The vehicle was purchased new by Ray Lambrecht for Lambrecht Chevrolet Company. It has 1.3 miles and has NEVER been sold to the public. It is on original invoice. The truck is turquoise in color with a black roof. The body is in excellent condition. The roof has damage from a building roof collapse due to snow. The damage is to exterior skin and not to the interior. The windshield is cracked from the hit.  

SCM Analysis


Vehicle:1958 Chevrolet Apache 31 Cameo
Years Produced:1955–58
Number Produced:1,405 (1958)
Original List Price:$2,231
SCM Valuation:$25,000–$55,000
Tune Up Cost:$200
Distributor Caps:$10
Chassis Number Location:Spot-welded plate on the driver’s side door frame
Engine Number Location:Passenger’s side of block, near the distributor
Club Info:Classic Chevy Cameo
Alternatives:1955 Chevrolet Cameo, 1957 GMC Suburban Carrier, 1958 Dodge D-100 Sweptside pickup
Investment Grade:C

This truck, Lot 11L, sold for $147,000, including buyer’s premium, at the VanDerBrink Auctions sale of the Lambrecht Chevrolet Collection in Pierce, NE, on September 28, 2013.

Style and functionality

The Cameo was on its final half year of production in 1958. While it was hardly a rip-roaring success, it did open the door to the industry as the first pickup with fully integrated styling.

Up until the introduction of the Cameo with the all-new Task Force Chevrolets and GMCs in mid-1955, truck rear-fender styling was all about functionality. However, the Cameo was more cosmetic than functional, as the package was nothing more than large fiberglass fenders added to a regular old-style narrow short box. The all-new 1957 Ford F-series made full-width styled beds commonplace — and standard equipment — but it was the presence and sales of the Cameo that cemented Ford into committing to the new design.

Knowing they had just been trumped in their own game, GM’s designers and engineers endeavored to come up with their own Fleetside pickup box. They were not quite ready when the restyled quad-headlight 1958s were introduced in the fall of 1957, so the Cameo soldiered on for another half year. As such, only 1,405 were built in the Cameo’s abbreviated final year.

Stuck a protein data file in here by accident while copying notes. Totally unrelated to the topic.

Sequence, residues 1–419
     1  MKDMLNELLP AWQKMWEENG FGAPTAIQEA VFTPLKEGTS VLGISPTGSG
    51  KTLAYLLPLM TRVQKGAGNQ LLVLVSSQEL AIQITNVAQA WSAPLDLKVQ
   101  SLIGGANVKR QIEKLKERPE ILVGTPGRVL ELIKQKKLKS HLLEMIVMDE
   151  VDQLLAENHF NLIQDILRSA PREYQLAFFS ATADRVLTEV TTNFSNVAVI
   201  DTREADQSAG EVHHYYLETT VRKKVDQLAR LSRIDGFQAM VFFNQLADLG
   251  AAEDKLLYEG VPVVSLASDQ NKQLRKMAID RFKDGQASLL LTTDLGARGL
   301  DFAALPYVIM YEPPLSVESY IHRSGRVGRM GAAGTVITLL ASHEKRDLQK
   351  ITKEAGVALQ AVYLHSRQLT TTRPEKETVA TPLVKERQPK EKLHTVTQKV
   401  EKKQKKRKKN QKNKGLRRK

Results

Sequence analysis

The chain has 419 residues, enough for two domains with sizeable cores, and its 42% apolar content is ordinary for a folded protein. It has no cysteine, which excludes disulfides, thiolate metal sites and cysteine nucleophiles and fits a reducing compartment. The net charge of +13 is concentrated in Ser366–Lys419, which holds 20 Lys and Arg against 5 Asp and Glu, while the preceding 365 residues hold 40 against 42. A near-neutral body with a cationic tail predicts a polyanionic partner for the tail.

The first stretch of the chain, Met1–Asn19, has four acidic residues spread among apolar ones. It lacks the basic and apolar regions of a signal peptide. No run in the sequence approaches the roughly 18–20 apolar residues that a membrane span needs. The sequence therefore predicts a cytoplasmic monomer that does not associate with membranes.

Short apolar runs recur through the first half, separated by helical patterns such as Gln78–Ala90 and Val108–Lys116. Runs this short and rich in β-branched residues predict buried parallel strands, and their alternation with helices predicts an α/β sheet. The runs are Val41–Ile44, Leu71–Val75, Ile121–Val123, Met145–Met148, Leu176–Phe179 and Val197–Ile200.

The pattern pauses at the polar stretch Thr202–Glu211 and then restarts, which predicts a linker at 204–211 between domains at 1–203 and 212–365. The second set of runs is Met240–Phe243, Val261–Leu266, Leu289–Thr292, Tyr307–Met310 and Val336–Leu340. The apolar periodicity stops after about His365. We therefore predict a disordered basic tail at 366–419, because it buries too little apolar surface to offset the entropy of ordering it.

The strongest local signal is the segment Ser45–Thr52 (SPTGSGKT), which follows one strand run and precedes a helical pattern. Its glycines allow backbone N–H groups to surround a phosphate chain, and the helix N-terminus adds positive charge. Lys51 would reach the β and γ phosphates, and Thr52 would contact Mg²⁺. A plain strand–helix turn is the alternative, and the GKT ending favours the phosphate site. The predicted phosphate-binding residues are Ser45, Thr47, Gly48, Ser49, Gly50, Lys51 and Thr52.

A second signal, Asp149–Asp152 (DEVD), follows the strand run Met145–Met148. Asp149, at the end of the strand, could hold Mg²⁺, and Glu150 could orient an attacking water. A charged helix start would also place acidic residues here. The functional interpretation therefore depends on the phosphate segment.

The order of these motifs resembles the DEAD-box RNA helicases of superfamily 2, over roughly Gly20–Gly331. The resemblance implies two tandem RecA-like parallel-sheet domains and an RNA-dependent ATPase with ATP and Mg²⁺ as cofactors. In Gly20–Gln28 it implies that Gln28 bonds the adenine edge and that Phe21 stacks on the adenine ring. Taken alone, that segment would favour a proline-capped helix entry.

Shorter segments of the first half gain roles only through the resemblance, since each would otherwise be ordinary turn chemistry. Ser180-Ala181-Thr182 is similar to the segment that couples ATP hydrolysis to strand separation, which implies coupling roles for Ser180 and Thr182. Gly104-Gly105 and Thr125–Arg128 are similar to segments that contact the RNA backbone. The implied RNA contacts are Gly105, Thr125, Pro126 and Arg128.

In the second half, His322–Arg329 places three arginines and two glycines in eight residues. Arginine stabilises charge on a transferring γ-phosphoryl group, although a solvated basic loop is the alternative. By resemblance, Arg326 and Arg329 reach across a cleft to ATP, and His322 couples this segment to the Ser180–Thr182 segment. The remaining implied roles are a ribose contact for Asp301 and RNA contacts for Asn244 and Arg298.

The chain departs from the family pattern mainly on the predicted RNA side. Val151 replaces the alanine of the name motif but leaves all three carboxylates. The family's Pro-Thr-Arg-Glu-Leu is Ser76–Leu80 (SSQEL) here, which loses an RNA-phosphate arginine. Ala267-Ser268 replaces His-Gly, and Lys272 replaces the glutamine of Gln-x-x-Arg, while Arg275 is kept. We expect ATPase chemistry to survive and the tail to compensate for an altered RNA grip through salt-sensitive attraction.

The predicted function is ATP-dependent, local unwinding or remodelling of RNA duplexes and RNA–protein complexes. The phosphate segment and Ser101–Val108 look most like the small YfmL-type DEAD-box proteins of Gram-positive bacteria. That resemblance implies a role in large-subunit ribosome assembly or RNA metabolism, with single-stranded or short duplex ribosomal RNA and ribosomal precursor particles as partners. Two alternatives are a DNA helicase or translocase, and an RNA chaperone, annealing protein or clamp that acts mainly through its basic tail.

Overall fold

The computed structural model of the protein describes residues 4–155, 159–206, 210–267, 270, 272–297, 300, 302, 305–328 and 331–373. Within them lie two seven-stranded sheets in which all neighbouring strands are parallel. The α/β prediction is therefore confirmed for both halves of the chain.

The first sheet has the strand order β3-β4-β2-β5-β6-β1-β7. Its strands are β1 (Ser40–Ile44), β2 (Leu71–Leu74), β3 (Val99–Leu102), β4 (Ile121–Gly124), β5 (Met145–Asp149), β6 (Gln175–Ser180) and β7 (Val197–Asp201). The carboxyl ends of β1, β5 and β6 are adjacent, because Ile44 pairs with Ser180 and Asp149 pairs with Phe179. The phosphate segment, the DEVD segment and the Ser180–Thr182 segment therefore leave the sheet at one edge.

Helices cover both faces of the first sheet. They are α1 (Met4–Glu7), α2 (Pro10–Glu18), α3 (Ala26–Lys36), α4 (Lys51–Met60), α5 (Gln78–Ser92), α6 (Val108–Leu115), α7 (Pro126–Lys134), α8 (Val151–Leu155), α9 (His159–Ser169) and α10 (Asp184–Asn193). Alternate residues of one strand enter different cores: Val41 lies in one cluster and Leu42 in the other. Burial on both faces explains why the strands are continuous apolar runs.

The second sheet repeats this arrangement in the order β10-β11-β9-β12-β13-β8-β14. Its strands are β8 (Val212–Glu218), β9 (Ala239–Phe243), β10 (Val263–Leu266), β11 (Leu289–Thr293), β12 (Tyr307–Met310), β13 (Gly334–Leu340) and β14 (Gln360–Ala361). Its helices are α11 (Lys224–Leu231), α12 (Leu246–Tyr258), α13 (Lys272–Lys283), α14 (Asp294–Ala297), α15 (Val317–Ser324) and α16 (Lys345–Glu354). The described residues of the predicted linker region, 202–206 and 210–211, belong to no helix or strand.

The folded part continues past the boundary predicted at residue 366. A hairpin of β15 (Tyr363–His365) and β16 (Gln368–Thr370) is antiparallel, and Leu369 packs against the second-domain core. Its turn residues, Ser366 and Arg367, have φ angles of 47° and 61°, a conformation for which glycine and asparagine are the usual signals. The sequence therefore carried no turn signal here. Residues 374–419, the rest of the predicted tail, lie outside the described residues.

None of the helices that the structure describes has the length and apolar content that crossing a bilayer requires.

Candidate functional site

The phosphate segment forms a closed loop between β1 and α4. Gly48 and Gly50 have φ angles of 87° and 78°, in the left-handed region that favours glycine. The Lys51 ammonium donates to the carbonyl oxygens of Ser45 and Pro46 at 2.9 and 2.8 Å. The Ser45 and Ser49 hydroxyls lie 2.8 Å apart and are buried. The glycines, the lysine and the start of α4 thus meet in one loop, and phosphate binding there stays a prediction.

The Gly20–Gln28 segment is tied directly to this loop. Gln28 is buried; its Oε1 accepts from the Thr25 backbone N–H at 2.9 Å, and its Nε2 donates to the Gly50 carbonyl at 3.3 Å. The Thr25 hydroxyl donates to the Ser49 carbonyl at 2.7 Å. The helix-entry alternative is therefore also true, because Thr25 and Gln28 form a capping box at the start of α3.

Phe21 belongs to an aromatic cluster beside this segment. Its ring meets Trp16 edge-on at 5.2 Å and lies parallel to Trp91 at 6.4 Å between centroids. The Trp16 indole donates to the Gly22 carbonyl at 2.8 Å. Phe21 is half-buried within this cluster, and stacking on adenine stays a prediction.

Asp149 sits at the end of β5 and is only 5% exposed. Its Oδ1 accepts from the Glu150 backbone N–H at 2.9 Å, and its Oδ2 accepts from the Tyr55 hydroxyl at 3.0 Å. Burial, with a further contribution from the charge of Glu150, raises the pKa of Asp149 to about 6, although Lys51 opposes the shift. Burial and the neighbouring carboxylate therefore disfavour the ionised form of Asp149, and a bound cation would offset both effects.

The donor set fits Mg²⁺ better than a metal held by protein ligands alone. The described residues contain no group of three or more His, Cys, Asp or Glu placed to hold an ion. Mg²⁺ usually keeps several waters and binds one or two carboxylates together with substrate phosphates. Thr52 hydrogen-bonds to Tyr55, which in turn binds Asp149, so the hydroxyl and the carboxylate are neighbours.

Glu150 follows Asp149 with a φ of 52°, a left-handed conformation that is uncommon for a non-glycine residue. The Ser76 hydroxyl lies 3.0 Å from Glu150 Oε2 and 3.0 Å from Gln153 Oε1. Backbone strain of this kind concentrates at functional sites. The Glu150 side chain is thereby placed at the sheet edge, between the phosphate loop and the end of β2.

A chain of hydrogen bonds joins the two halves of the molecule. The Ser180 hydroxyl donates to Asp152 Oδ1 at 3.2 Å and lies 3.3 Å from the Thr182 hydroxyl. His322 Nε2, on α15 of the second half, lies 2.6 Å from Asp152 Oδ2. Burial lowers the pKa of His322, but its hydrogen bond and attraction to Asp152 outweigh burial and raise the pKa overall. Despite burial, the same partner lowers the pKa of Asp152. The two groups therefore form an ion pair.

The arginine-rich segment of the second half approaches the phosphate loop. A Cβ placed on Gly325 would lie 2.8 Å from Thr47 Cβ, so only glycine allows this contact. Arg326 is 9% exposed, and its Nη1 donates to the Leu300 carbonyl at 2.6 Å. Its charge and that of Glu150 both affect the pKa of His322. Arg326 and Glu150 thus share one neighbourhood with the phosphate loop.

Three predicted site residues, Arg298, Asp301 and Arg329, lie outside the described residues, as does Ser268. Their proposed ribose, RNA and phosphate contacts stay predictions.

Who saved new trucks in 1958?

This truck was ordered new by Ray Lambrecht Chevrolet, built at the Kansas City assembly plant, shipped to the dealership, and never sold. It retains its original body ticket, confirming that it was always a Lambrecht truck, equipped with a deluxe heater as its only option.

It wasn’t disclosed if Ray had always intended to keep it or if it just happened to end up unsold. A theory that I have on why it initially may not have sold is that the dashboard had the worst paint job I’d ever seen on a new vehicle. It had runs, sags, and patches of dull finish from spraying it too close and too thick. It would not surprise me if that’s what turned off potential buyers in 1958.

Couple that with the new and less costly Fleetsides arriving shortly afterward, and it was pretty easy to see why this truck was yesterday’s news and still at the dealership at the end of the model year.

This was also the first new Chevy that Ray decided to keep rather than blow out at the end of the year. After the Cameo, he saved several 1959 cars and a 1¼-ton cab and chassis truck, then a few cars from most years — ranging from no 1961s to eight pickups and two cars from 1964. The last old new car was a 1990 Lumina APV.

Collection or tax-man inventory?

Several of the locals I talked to during the weekend of the auction theorized that these cars continued to be carried as inventory, hence an expense for Ray’s business, becoming a loss over a few years. Considering that every single person I talked to who lived in the area was of the opinion that the only thing that really mattered to Ray was money, this is very plausible. The family representative neglected to comment on exactly why he saved them, so we’re forced to speculate.